I was enjoying a lazy bank holiday Monday. OK, it’s raining and I’m slightly hungover, but not being at work on a Monday is a great feeling. Then I read the Jonathan Jones article on Terry Pratchett called “Get real. Terry Pratchett is not a literary genius”. I’m not the only one to be offended or annoyed by this article. There are several responses to it on various forums and blogs etc. but I felt sufficiently peeved to write my own.
The article starts badly and gets worse. Jones openly admits that “I have never read a single one of his books and I never plan to.” (1) This begs the question – how the hell do you know what you’re talking about then!? How can you judge someone’s work to be mediocre and “ordinary potboilers” (2) when you’ve never actually read anything by them?
I first came across the Discworld when I was about 13 years old. I’ve always been an avid reader, and whilst I didn’t know what I was about to get into, I’d been attracted by the Josh Kirby covers for a while, and I eventually picked up Reaper Man. I loved it, and I’ve since read many of Discworld novels, and I’ve never regretted it. I don’t like them all equally – I prefer the stories involving the witches and Death and his granddaughter, Susan. But these are great stories, and I’m glad that the 13 year old me made the wise decision to dive into the Discworld on that day.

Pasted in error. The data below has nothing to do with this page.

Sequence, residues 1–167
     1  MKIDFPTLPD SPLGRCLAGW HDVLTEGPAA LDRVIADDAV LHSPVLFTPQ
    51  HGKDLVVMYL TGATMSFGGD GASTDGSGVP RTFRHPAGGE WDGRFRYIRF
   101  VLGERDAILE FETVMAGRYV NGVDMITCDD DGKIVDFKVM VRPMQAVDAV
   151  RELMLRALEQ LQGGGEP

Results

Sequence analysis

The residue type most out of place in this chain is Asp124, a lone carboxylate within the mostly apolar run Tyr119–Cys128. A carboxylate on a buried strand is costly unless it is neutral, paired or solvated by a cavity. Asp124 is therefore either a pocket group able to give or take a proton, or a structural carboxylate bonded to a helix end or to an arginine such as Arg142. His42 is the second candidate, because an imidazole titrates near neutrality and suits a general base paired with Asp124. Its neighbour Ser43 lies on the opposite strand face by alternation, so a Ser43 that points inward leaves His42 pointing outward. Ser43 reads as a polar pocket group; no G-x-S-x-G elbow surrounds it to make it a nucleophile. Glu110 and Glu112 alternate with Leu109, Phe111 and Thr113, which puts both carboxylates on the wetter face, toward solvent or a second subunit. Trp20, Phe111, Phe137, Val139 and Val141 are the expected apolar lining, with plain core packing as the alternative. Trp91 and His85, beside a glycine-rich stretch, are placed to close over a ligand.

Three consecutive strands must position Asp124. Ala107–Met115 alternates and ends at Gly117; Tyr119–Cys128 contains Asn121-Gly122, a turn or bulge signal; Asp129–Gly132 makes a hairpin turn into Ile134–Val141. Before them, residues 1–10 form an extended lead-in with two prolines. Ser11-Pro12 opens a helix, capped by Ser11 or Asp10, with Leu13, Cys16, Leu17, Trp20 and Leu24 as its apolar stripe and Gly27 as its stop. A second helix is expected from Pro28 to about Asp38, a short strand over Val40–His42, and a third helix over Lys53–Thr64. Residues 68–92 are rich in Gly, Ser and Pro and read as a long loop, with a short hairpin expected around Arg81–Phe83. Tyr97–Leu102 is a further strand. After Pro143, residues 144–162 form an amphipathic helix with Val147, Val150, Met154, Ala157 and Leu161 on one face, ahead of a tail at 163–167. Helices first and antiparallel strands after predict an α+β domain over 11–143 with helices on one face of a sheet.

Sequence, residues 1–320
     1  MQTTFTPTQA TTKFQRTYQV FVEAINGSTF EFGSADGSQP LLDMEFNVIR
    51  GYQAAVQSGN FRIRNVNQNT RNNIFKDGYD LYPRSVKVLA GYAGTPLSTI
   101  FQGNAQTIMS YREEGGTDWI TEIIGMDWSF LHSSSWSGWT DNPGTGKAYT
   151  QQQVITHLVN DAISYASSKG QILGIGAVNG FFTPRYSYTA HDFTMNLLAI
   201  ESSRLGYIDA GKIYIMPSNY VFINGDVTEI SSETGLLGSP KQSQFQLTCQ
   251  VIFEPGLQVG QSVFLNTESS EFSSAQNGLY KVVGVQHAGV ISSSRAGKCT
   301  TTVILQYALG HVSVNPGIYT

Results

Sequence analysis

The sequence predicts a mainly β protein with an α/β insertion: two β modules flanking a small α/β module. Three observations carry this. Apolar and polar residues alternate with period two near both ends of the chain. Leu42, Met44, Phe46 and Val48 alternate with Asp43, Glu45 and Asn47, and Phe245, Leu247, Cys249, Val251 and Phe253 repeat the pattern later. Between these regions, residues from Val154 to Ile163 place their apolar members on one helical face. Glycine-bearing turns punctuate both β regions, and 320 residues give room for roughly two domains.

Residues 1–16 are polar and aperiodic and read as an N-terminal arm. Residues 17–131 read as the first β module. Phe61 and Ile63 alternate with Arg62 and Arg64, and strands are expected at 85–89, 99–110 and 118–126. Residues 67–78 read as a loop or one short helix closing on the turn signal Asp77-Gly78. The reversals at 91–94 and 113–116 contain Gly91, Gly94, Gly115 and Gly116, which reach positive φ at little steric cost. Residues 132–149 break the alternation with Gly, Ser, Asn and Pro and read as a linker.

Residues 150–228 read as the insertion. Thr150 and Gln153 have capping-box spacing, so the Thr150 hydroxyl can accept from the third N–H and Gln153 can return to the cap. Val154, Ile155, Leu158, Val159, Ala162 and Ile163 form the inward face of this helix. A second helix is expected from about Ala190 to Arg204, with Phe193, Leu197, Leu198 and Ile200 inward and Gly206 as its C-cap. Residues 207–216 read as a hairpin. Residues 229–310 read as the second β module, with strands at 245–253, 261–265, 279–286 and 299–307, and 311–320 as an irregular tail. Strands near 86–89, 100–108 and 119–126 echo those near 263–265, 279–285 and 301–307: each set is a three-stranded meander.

What the Jones article boils down to is genre snobbery, something which seems to be strangely persistent despite the ridiculousness of it. Just because a book is set in a made-up world does not mean that it is not worth reading. People should be able to read whatever they want to read, without fear of judgement from literary snobs such as Jones. I read fantasy novels. I read science fiction. I also read what I’m sure Jones would consider to be more ‘serious’ fiction, I’m currently working my way through the previous winners of the Man Booker Prize, for example.
Being genre fiction does not make it any less worthy of attention. It’s not for everyone, and that’s fine, but to refer to an author’s work as mediocre when you haven’t even read it is being “a complacent book snob” (3), however much the individual in question may try to argue otherwise.
I will always consider Sir Terry Pratchett’s work to be literary genius, and I will continue to read and reread his novels because they are excellent, and because they have as much to say about our society as any work that is not considered to be genre fiction.